John Bunyan's Text, Part One
Early in the seventeenth century, a hundred years after the time of Luther, the English Reformation launched the Church of England on its sweet and placid way. After it became quiet, calm, contented, and spiritually dead, there suddenly arose within the church a great movement for more strictness of life and for simplicity of worship. This religious Puritan movement paralleled the political movement, which grew into the English Civil War and produced Oliver Cromwell.
Into this atmosphere, John Bunyan was born in November 1628. His father was Thomas Bunyan, a tinker of Elstow near Bedford. In those days, tinkers formed a hereditary caste, low on the social scale of England. John was educated in the village school, where he learned to read and write. He grew up in a strict atmosphere among people to whom religion consisted entirely of, "Thou shalt not..."
When Bunyan was seventeen years old, he enlisted in the Parliamentary army and went through the military campaign of 1645, which defeated the forces of King Charles I. His officers were Puritans. Anyone in the army who swore was fined a shilling; if a man got drunk, he was deprived of two or three weeks' pay, and was put into the stocks where people could laugh at him. In 1646 Bunyan returned home from the war and about two years later married a poor girl who had, as her total possessions, the clothes that she wore and two books, The Plain Man's Path to Heaven, and The Practice of Piety. A year or two later Bunyan came into contact with someone who preached Christ to him. Bunyan said, "He did talk pleasantly of the Scripture; wherefore, falling into some love and liking to what he said, I betook me to my Bible and began to take great pleasure in reading, but especially in the historical part thereof. But as for Paul's epistles, and suchlike parts of Scriptures, I could not away with them." In other words, they were over his head!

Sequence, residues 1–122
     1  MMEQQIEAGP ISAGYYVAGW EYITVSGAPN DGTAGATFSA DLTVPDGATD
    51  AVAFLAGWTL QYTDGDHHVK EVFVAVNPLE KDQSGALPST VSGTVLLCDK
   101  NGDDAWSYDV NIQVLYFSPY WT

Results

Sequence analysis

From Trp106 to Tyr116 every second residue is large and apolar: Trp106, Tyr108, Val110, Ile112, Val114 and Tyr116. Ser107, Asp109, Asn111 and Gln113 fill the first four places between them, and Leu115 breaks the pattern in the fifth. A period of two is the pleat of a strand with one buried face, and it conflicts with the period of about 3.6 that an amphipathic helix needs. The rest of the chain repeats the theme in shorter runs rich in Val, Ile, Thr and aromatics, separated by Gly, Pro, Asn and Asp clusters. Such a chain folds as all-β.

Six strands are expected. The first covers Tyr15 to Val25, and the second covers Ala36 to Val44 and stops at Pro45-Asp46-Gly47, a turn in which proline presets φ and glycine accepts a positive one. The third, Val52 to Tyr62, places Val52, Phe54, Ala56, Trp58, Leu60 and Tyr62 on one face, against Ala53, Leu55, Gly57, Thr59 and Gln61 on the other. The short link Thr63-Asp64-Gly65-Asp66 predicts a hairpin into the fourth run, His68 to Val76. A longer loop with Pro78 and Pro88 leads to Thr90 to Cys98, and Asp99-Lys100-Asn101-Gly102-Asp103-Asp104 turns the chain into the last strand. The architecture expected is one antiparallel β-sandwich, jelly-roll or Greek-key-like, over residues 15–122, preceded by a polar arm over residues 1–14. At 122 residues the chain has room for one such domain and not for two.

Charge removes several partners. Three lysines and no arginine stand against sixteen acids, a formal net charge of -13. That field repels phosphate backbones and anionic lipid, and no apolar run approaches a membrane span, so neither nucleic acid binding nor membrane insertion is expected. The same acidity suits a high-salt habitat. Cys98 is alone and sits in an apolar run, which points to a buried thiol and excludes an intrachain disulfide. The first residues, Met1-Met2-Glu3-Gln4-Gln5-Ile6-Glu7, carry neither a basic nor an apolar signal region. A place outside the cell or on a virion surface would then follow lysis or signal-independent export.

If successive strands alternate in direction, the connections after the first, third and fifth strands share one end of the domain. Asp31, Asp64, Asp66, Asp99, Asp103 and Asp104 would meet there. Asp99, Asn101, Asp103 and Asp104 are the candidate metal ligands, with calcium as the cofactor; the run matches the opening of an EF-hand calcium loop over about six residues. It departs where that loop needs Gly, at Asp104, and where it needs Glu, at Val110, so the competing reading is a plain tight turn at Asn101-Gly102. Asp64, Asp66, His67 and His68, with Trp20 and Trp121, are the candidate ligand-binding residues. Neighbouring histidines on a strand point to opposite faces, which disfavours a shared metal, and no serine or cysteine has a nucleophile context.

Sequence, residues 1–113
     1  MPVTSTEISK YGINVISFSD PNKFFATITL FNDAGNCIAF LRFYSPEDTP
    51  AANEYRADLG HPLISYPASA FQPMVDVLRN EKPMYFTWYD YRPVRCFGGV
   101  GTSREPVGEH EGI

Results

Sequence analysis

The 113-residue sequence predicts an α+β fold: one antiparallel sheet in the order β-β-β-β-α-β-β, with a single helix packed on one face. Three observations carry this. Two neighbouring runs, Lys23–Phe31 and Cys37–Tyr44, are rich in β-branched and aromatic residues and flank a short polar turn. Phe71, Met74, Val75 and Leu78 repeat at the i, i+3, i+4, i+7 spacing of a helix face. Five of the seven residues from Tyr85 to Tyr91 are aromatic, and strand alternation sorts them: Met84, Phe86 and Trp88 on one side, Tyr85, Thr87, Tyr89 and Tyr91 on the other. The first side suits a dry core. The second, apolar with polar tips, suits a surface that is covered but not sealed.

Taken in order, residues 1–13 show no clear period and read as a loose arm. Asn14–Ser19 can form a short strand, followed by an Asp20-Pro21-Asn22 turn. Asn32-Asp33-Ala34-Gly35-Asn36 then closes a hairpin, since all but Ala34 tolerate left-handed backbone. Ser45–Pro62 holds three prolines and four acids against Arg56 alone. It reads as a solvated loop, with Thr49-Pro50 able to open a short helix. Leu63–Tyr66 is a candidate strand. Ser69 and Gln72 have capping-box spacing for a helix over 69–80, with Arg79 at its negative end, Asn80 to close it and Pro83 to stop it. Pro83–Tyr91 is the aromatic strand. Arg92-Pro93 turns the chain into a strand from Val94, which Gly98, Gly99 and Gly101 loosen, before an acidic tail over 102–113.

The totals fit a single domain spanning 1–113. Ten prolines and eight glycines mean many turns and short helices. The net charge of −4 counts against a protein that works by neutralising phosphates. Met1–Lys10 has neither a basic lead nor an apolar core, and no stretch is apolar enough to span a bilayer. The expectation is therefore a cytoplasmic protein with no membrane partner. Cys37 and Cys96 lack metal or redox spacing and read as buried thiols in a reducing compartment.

There then followed a long period of tremendous conviction of sin. His head was full of Bible, and his heart was full of misery. The Encyclopedia Britannica article on Bunyan has a tremendous summary of the horror that filled this man's life during this period.
"In outward things he soon became a strict Pharisee. He was constant in attendance at prayers and sermons. His favorite amusements, were one after another, relinquished, though not without many painful struggles.... To give up dancing on the village green was most difficult, and some months elapsed before he had the fortitude to part with his darling sin. When this last sacrifice had been made, he was, even when tried by the maxims of that austere time, faultless. All Elstow talked of him as an eminently pious youth. But his own mind was more unquiet than ever. Having nothing more to do in the way of visible reformation, yet finding in religion no pleasures to supply the place of the juvenile amusements which he had relinquished, he began to apprehend that he lay under some special malediction; and he was tormented by a succession of fantasies which seemed likely to drive him to suicide or to bedlam."
Later he began to be plagued by an obsession with the unpardonable sin. He felt a strange haunting curiosity about it, and a strong compulsion to commit it. Day and night, whether at work, at meals, or in bed, he sensed strange demonic forms driving him to say the dreaded words which, he felt, would mean a renunciation of his faith. Finally, exhausted and defeated, he spoke the words, "Let him go if you will."
Bunyan grew more miserable than he'd been before. He thought he had done what could never be forgiven. Like Esau, he had sold his birth-right. Though strong in body, he trembled and shook for days, so captured was his mind by fear of death and judgment. He was so emotionally distraught that he was unable to digest his food, and he expected to "burst asunder" like Judas, with whom he grimly identified. In one of the most pathetic complaints ever written, Bunyan described his feelings. He felt like a blot upon the face of the universe; he had envied the toads, and the grass by the side of the road, and the crows that cawed in the ploughed land by which he passed. He thought they could never know such misery as that which bowed him down.
- What can we learn about grieving our sin from John Bunyan?
- Do you think that Bunyan’s obsession with sin was slightly legalistic? Why or why not?
- Do you think that Bunyan’s deep concern over sin was cultural or was it merited because of the sober nature of sinfulness? Explain.